Abstract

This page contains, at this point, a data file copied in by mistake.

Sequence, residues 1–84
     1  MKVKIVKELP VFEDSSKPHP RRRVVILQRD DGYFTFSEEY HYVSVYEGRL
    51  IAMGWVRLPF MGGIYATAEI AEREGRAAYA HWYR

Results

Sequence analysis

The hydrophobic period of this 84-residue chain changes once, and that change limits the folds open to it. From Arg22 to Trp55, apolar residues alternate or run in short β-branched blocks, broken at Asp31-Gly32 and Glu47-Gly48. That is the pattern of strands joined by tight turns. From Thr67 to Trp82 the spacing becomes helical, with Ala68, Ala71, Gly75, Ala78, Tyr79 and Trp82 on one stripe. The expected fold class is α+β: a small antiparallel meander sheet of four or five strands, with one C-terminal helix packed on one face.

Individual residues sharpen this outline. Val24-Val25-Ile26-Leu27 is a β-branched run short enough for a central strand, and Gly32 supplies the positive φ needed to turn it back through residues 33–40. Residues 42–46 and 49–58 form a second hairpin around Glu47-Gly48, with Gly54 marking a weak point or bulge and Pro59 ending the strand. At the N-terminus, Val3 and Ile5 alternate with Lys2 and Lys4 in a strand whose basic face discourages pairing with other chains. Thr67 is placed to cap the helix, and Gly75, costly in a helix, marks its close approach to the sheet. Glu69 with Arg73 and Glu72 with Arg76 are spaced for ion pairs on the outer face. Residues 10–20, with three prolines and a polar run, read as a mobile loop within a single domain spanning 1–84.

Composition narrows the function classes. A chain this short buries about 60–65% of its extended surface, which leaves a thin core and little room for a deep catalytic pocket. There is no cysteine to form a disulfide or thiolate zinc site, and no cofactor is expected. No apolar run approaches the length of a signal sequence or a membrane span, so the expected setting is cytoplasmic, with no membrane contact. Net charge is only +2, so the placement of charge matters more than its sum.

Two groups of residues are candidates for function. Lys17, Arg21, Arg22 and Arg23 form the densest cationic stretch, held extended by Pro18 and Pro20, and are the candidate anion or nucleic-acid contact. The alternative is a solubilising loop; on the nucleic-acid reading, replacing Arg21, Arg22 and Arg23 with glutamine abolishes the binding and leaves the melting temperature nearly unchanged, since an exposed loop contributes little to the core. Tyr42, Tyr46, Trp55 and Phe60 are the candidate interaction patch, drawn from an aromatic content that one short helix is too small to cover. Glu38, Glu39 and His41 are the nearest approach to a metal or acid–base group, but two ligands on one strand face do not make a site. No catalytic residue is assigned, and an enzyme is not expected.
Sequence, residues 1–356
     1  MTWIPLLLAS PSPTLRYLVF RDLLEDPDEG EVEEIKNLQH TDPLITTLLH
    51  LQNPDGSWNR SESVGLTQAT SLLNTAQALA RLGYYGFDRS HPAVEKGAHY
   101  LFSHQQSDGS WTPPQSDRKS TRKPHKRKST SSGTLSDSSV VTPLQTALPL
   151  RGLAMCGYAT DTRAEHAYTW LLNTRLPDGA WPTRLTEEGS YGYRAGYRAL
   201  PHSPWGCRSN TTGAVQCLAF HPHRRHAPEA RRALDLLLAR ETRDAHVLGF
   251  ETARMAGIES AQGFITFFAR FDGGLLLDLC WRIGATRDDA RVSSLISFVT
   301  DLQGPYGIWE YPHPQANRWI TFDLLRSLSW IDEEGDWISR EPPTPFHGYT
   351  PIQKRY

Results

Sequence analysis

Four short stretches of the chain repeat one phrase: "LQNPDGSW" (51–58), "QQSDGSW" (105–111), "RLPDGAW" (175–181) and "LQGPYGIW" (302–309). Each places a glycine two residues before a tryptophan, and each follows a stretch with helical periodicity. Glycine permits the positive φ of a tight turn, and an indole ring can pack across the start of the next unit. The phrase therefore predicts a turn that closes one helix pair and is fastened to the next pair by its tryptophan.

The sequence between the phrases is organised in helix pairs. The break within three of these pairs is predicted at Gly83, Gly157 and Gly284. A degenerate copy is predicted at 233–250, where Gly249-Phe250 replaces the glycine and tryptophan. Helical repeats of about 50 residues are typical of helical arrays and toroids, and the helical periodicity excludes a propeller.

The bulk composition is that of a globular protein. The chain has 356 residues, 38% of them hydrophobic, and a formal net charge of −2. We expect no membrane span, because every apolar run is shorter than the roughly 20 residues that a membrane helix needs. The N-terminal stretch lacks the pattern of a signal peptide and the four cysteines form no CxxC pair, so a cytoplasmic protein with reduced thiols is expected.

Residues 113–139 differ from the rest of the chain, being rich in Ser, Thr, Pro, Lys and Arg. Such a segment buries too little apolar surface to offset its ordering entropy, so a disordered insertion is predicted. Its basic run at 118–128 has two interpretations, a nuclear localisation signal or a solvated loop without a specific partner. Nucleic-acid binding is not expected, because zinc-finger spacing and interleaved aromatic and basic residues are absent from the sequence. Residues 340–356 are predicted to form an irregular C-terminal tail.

In situ atomic force microscopy (AFM) was used to follow the far-from-equilibrium dissolution of the {001} cleavage surface of natural gibbsite in nitric acid. The main dissolution mechanism was the retreat of straight monolayer steps, the edges of which are parallel to the <110>, <010>, and <100> directions. The stability of these steps can be expressed as <110> > <010> > <100>. The results are explained in terms of the positions of the terminal O atoms and their associated Al atoms at the steps. New steps were formed at etch pits that opened where screw dislocations emerged on the surface. The dissolution rates were calculated from the change in size of pits and islands. The values obtained were 9.5 × 10−9 − 2.3 × 10−8 mol/m2·s, normalized to the total surface area, and 1.8 −3.6 × 10−7 mol/m2·s, normalized to the surface area of the step fronts. The rates of dissolution calculated using only the surface area of the step fronts are similar to literature values obtained by other methods.

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